Interest in Mechanics Fuels Aviation Maintenance Science Degree

Everett Young is among the newest students to attend Embry-Riddle thanks to The Boeing Company.

Aviation Maintenance Science major Everett Young stands on the Daytona Beach Campus as one of nine new Boeing Scholars selected to expand the aviation workforce.
B.S. in Aviation Maintenance Science major Everett Young stands on the Daytona Beach Campus where students develop skills in maintenance, safety science, avionics and more. (Photo: Embry-Riddle / Joseph Harrison)

Increasing the Aviation and Aerospace Workforce

According to The Boeing Company’s Pilot and Technician Outlook 2023-2042, 690,000 new maintenance technicians will be needed to fly and maintain the global commercial fleet over the next 20 years. To meet this growing demand, Boeing has partnered with Embry-Riddle to extend generous two-year scholarships to promising students with the goal of developing qualified professionals for careers in aviation.

Aviation Maintenance Science (AMS) major Everett Young (’27) is one of nine new undergraduates who have been selected as this year’s Boeing Scholars, chosen to represent the future of the aviation and aerospace industries.

Young, a graduate from Weatherford High School, has always had a love for mechanics and working with his hands.

“When I was younger, I always had a fascination with the mechanical side of the world,” said Young. “While looking for a major, I decided to follow my passion to create and repair, seeing aviation maintenance as my next challenge.”

Fueled by Family

Young’s journey to Embry-Riddle's Daytona Beach Campus is an outgrowth of the work ethic he inherited from his parents.

“My dad and my mom always taught me that my hard work would reward me,” Young said. “I always strived to achieve the best grades I could while challenging myself through advanced courses, believing I would be noticed. When I learned I had been selected as a Boeing Scholar, I felt like I finally had something to show for all the hard work I put into my education.”

Young also credits his three older brothers as positive role models that he has looked up to his whole life.

“They always will be my role models, motivating me to be my best,” said Young. “Loren, Ian and Foster all set the standard for what I could achieve. As I watched them earn awards during their school careers, I could hardly wait for that to be me.”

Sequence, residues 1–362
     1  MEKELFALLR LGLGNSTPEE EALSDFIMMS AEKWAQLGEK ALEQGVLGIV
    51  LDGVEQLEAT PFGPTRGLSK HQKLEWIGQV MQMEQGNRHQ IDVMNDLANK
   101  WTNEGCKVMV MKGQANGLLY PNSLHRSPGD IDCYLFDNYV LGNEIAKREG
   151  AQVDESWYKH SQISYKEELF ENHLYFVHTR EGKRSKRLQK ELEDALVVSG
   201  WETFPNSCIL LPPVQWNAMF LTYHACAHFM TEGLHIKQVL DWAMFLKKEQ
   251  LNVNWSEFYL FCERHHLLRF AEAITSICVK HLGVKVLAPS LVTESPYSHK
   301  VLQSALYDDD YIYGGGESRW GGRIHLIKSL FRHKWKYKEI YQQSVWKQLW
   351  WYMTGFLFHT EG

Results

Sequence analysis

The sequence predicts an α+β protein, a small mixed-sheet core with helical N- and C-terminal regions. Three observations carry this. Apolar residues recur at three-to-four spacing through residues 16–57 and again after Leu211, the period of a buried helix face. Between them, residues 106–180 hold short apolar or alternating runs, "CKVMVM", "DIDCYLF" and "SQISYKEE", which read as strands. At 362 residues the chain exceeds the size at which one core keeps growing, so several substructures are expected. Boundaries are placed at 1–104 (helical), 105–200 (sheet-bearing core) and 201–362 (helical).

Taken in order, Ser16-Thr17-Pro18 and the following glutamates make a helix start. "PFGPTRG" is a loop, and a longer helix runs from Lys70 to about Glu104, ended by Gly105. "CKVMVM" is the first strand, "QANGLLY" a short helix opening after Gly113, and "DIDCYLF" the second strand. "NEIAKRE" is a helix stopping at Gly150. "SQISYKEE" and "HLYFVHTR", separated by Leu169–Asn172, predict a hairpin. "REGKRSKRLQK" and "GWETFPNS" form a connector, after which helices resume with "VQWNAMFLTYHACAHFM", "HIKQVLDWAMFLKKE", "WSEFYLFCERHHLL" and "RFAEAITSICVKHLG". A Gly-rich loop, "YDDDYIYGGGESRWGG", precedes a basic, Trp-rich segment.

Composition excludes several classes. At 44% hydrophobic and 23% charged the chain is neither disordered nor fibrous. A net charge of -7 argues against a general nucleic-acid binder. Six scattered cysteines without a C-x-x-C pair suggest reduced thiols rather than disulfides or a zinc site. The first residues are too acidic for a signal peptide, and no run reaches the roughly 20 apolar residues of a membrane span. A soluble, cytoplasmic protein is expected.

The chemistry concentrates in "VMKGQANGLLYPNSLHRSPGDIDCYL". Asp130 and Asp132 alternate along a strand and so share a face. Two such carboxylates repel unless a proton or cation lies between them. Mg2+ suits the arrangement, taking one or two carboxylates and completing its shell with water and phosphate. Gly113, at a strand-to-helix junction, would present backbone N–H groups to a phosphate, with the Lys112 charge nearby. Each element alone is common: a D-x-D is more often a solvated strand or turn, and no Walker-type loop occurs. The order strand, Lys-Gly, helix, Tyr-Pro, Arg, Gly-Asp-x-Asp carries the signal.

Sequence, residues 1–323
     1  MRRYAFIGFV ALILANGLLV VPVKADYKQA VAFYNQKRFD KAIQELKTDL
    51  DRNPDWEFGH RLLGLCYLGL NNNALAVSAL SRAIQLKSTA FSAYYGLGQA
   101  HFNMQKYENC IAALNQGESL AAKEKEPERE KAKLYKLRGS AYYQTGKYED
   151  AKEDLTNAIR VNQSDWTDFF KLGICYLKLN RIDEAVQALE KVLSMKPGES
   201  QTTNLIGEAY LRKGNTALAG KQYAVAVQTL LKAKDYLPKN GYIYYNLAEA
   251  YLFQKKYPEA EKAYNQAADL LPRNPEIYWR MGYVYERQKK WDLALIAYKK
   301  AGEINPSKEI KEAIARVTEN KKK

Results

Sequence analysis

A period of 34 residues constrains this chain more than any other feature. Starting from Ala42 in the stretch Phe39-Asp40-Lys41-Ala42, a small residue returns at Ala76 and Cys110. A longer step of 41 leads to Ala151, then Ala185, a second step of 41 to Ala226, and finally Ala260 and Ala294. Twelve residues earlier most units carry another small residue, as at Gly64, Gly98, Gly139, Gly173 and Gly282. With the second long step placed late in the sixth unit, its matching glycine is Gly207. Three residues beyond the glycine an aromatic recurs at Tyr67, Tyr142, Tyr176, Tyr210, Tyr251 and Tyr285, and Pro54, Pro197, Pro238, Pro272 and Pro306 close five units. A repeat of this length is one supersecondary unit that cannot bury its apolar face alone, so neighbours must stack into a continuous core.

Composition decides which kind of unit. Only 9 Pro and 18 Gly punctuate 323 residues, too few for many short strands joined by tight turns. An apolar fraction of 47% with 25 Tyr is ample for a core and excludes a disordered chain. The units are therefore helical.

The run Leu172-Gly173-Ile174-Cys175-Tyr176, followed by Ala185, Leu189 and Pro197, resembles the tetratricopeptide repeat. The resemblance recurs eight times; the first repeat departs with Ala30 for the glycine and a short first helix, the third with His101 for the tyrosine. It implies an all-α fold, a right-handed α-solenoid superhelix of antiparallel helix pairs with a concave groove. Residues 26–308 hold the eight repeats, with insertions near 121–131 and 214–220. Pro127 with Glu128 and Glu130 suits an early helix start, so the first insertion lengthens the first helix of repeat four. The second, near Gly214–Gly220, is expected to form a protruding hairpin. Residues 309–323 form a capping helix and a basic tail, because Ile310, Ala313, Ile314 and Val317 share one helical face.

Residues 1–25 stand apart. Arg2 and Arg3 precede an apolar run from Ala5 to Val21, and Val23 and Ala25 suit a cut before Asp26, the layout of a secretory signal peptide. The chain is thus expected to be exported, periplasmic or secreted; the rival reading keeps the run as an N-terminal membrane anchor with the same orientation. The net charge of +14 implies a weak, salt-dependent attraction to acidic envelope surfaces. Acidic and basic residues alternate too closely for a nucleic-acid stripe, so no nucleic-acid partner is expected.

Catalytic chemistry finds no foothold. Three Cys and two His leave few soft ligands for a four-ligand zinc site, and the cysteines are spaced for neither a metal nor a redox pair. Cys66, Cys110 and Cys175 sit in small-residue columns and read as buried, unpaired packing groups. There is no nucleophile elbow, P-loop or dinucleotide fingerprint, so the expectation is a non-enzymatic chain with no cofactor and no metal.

Academic Rigor of Aviation Maintenance

At Embry-Riddle, Young receives hands-on training in the field of aviation maintenance under the guidance of experienced professors who make the curriculum come alive in the classroom.

Despite his fascination with mechanics and working with his hands, Young has come to enjoy his Introduction to Psychology course thanks to expert faculty instruction.

“One of my favorite professors would have to be for Psychology 101, Dr. Stephen Rice. His lectures are engaging, giving deeper insight into what makes up the human mind and how traits develop.”

Young’s favorite class, however, is Applied Calculus for Aviation.

“My favorite class right now is calculus taught by Raafat Okasha. Mathematics has always been my strong point, and the teaching style that my professor invokes is easy to follow and understand.”

A Dynamic Campus Environment

Adjusting to college life as a freshman isn’t always easy. For Young, finding his campus community and connecting with new friends has made all the difference in his first year.

“My experience at Embry-Riddle has been great,” he said. “The most surprising thing about this school has been how many events it hosts for students. Starting off with Orientation week, it felt like every day they had some kind of social event going on, keeping morale high for the year that was to come.”

As Young looks ahead, he’s keeping an open mind for the future — both at Embry-Riddle and beyond.

“My current aspirations are pretty broad,” he said. “My only goal is to follow my passion, and I feel that opportunities will come. With the background I’ll have once I graduate, being a Boeing Scholar and holding a degree from Embry-Riddle, my future will be bright.”

Pursue Interests, Not Titles

Young’s advice to future students is not just to pursue a paycheck, but to follow your interests.

“The important part of going to college isn’t choosing a career that will yield high pay but choosing a career that will maintain your interest,” Young said. “I think it’s a bad idea to make your choice about a profession based purely on the title it gives. The best option would be to ensure you enjoy your career.”

In addition to degrees specializing in aviation and aircraft maintenance, Embry-Riddle offers over 100 degrees in STEM, engineering, space and more.

“If you have a passion in mechanics and want a greater challenge, aviation maintenance would be the perfect fit,” said Young.

Are you ready to pursue your passion? Apply today and earn your degree at Embry-Riddle!